Bridgehead halogen exchange in polycyclic substrates is catalyzed by AlBr3 in halogenated solvents and proceeds readily in fair to good yield (50-90%).6b For bromination, CH2Br2 or CHBr3 solvent is used. Iodinations are carried out in MeI or CH2I2 and chlorinations in CHCl3 or CCl4. Bromoalkylation of 1-bromoadamantane occurs when subjected to ethylene or vinyl bromide in the presence of AlBr3 to give 1-bromo- or 1,1-dibromo-2-(1-adamantyl)ethane, respectively.6c Yields are dependent on the quality of the AlBr3. Bromination of the bridgehead position of adamantanone by AlBr3/t-BuBr (so-called sludge catalyst) provides an improved, high yielding synthesis of 1-bromo-4-adamantanone.6d

C-O Bond Cleavages.

Reductive deoxygenation of ketones and secondary alcohols to the corresponding methylene hydrocarbons in excellent yield can be accomplished by the Diisobutylaluminum Hydride/AIBr3 reagent system.7 In some cases, the addition of a catalytic amount of Cp2MCl2 (M = Ti, Zr) or Nickel(II) Acetylacetonate is required. Diaryl, alkyl aryl, or dialkyl ketones and secondary alkyl or benzylic alcohols undergo this reaction but primary alcohols or phenols do not.

Anhydrous AlBr3 in MeCN or CS2 is useful for the removal of methyl ethers and in some instances selective cleavage is possible.8 The 5-MeO group in 3,5,6,7-tetramethoxyflavones and the 3-MeO group in 3,6,7-trimethoxy-5-tosyloxyflavones are selectively cleaved in nearly quantitative yield without debenzylation (eq 7).8a It is superior to AlCl3 in some ether cleavages8b since it is a stronger Lewis acid and more soluble in organic solvents. An excellent reagent for phenol ether cleavage (except diphenyl ether) is the pyridinium salt of AlBr3.8c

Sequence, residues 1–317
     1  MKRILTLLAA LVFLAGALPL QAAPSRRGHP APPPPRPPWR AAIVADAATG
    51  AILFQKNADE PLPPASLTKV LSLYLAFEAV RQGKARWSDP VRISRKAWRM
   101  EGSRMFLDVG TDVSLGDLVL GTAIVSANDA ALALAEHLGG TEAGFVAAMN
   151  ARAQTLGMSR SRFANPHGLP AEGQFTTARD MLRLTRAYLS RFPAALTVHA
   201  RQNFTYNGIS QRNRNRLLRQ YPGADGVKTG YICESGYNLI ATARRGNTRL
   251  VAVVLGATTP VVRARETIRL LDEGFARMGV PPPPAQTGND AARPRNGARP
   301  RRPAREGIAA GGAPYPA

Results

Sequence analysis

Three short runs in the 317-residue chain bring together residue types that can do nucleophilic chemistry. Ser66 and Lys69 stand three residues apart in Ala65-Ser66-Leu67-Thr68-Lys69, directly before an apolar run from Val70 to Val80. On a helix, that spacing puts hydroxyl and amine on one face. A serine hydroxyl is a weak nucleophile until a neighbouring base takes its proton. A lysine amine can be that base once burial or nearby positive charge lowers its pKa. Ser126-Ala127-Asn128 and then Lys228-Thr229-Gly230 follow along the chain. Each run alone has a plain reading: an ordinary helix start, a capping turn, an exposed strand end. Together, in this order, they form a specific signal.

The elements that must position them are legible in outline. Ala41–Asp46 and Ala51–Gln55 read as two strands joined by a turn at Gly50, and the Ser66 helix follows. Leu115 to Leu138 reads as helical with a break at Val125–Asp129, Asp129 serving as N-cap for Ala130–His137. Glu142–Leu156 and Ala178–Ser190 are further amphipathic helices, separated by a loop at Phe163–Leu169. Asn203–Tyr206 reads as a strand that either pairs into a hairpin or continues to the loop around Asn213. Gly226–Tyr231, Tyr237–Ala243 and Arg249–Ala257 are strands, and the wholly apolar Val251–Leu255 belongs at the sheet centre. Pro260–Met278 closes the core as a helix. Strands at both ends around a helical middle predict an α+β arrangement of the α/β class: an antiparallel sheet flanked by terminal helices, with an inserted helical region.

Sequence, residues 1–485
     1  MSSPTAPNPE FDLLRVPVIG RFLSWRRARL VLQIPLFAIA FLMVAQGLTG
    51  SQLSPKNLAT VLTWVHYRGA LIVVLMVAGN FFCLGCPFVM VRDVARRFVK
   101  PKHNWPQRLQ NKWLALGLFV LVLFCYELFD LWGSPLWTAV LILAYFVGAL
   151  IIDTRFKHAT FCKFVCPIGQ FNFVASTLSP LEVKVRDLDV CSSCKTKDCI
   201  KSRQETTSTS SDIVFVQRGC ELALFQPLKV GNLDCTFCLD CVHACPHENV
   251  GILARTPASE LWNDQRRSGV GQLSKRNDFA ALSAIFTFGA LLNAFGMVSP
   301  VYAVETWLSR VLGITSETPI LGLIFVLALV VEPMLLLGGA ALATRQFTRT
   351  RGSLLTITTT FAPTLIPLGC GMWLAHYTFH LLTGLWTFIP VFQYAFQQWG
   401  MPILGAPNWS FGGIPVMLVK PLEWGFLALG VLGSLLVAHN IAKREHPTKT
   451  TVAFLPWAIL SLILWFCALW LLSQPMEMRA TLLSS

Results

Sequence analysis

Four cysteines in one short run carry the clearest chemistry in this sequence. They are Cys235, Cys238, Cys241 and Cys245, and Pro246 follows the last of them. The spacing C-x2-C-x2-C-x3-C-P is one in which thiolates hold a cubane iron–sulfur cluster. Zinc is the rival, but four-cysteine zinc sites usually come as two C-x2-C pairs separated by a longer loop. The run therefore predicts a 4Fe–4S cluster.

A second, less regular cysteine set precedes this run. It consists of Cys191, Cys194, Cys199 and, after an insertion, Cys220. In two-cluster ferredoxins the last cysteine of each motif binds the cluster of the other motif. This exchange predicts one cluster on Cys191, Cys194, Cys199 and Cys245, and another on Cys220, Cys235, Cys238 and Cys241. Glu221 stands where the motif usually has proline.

AlBr3 is an efficient reagent for epoxide cleavage giving high yields of the bromohydrin. It does not show much regioselectivity in the case of substituted substrates.9 The hydroxylation of cyclic acetals with Hydrogen Peroxide can be catalyzed by AlBr3 as well as with other reagents (especially SeBr4) to give esters of the type RCO2(CH2)nOH (R = H, aryl, alkyl; n = 2-3).10 Disulfide cleavage with AlBr3 has been reported to give cyclized products in certain systems (eq 8).11


The AlBr3 sludge catalyst has been extensively used as an effective isomerization reagent in numerous adamantane, diamantane, and triamantane syntheses (eq 9).12 A wide variety of polycyclic hydrocarbons can be rearranged to these ring systems. Perhydrogenated phenanthrene rearranges to give mainly trans,syn,trans-perhydroanthracene by the action of AlBr3/HBr in dimethylcyclohexane.13

A facile rearrangement of a-bromoethyldiethylborane (eq 10) occurs when treated with Lewis acids.14 AlBr3 is very effective for this conversion. AlCl3 or Silver(I) Tetrafluoroborate also give high yields. The half-life for rearrangement is 0-5 min with these catalysts.